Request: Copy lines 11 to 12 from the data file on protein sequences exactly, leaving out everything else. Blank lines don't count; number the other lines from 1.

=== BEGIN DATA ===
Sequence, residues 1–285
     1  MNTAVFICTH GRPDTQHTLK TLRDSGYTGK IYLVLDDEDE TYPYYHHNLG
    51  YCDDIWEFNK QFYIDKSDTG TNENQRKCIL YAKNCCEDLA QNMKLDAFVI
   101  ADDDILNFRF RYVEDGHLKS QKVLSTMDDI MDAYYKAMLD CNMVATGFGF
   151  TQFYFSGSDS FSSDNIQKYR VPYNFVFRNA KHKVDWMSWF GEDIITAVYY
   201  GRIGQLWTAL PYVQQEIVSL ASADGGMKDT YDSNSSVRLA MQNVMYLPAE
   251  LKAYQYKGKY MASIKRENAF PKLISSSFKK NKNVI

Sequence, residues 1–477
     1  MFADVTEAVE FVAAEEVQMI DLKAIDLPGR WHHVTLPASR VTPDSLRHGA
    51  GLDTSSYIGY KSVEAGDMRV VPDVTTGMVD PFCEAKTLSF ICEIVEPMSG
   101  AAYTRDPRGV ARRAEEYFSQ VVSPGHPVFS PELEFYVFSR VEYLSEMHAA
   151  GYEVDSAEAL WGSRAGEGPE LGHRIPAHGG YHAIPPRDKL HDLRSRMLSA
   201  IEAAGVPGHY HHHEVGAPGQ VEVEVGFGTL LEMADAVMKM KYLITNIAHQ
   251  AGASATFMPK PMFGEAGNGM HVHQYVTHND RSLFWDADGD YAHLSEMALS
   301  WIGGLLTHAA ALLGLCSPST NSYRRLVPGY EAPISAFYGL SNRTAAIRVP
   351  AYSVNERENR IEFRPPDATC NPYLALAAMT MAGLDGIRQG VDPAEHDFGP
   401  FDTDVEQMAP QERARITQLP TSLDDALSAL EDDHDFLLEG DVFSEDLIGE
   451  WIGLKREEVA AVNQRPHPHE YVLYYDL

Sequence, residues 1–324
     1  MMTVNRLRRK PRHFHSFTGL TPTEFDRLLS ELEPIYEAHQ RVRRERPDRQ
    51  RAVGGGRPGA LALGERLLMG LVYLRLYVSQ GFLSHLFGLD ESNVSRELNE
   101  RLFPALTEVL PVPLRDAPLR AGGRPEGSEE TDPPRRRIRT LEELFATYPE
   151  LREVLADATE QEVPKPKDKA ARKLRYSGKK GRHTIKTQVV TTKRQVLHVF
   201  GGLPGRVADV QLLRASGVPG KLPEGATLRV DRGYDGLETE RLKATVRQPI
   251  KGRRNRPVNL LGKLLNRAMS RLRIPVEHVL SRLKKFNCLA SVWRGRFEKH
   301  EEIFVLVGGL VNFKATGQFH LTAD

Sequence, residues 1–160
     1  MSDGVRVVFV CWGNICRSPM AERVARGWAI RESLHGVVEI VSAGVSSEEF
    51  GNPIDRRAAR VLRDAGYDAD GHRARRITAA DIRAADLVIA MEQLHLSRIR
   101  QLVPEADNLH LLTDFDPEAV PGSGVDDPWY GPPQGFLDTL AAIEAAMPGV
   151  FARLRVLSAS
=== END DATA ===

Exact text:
   101  AAYTRDPRGV ARRAEEYFSQ VVSPGHPVFS PELEFYVFSR VEYLSEMHAA
   151  GYEVDSAEAL WGSRAGEGPE LGHRIPAHGG YHAIPPRDKL HDLRSRMLSA